New Horizons exits hibernation to prepare for KBO flyby

New Horizons exits hibernation to prepare for KBO flyby

Flight controllers Graeme Keleher and Anisha Hosadurga, of the Johns Hopkins University Applied Physics Laboratory in Laurel, Maryland, monitor New Horizons shortly after confirming the NASA spacecraft had exited hibernation on June 5, 2018. Photo Credit: NASA/Johns Hopkins University Applied Physics Laboratory/Southwest Research Institute/Mike Buckley

NASA’s New Horizons probe has been woke up from practically six months in hibernation to allow the mission staff to begin preparations for its flyby of Kuiper Belt Object (KBO) Ultima Thule (often known as 2014 MU69) within the early morning hours of New Year’s Day 2019.

At 2:12 AM EDT on Tuesday, June 5, mission headquarters on the Johns Hopkins University Applied Physics Laboratory (JHUAPL) obtained radio indicators despatched from the spacecraft through NASA’s Deep Space Network (DSN) confirming it carried out the suitable pc instructions to exit hibernation mode, which it had been in since December 21, 2017.

Now shut to three.eight billion miles (6.1 billion km) from Earth, the spacecraft is in good well being, and all its techniques are again on-line, in accordance to Mission Operations Manager Alice Bowman of JHUAPL.

Traveling on the common velocity of sunshine, radio indicators take 5 hours and 40 minutes every approach from Earth to the spacecraft and again.

Immediate duties for the mission staff contain assortment of the spacecraft’s navigation monitoring knowledge through DSN. Over the following two months, pc instructions getting ready for the flyby are scheduled to be uploaded to the probe. Science devices and their subsystems are going to be examined, and Kuiper Belt knowledge collected by the spacecraft is ready to be retrieved and analyzed.

In late August, New HorizonsLong Range Reconnaissance Imager (LORRI) is scheduled to make its first observations of the KBO, which mission scientists plan on utilizing to refine New Horizons‘ trajectory towards its second goal.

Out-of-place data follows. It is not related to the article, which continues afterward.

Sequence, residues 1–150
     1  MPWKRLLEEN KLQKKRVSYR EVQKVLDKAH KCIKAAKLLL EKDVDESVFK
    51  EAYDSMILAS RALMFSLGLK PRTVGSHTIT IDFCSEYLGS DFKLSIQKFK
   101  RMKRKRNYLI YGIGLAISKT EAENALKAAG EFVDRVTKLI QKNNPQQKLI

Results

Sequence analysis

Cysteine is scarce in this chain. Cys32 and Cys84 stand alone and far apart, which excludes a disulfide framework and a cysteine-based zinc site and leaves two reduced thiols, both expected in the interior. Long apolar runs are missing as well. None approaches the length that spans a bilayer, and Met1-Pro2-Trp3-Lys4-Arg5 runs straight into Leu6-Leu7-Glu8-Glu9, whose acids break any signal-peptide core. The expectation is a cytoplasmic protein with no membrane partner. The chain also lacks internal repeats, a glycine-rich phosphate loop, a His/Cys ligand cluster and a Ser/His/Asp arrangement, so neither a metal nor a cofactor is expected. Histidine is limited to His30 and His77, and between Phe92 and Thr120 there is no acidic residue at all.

Currently, the spacecraft is about 162 million miles (262 million km) from Ultima Thule and touring towards it at a velocity of 760,200 miles (1,223,420 km) per day.

“Our staff is already deep into planning and simulations of our upcoming flyby of Ultima Thule and excited that New Horizons is now again in an energetic state to prepared the chook for flyby operations, which is able to start in late August,” reported mission Principal  Investigator Alan Stern of the Southwest Research Institute (SwRI) in Boulder, Colorado.

Since its historic July 2015 Pluto flyby, the probe has conducting distant research of different Kuiper Belt Objects, together with some dwarf planets, and of the heliosphere, the bubble-like area of area over which the Sun’s affect extends.

Ultima Thule is situated roughly one billion miles (1.6 billion km) past Pluto. Readers can monitor New Horizons‘ position as it heads toward its target via the mission’s “Where is New Horizons?” web page.

The probe will now stay awake till late 2020, when all knowledge from the Ultima Thule flyby in addition to knowledge from different Kuiper Belt science observations, is efficiently transmitted again to Earth.

Artist’s impression of NASA’s New Horizons spacecraft flying previous Ultima Thule, a Kuiper Belt Object formally named 2104 MU69. Chosen by the mission staff with public enter, the nickname Ultima Thule is a Norse phrase, pronounced “thoo-lee.” Image Credit: NASA/Johns Hopkins University Applied Physics Laboratory/Southwest Research Institute

Tagged:

Laurel Kornfeld is an newbie astronomer and freelance author from Highland Park, NJ, who enjoys writing about astronomy and planetary science. She studied journalism at Douglass College, Rutgers University, and earned a Graduate Certificate of Science from Swinburne University’s Astronomy Online program. Her writings have been revealed on-line in The Atlantic, Astronomy journal’s visitor weblog part, the UK Space Conference, the 2009 IAU General Assembly newspaper, The Space Reporter, and newsletters of varied astronomy golf equipment. She is a member of the Cranford, NJ-based Amateur Astronomers, Inc. Especially within the outer photo voltaic system, Laurel gave a short presentation on the 2008 Great Planet Debate held on the Johns Hopkins University Applied Physics Lab in Laurel, MD.

Source link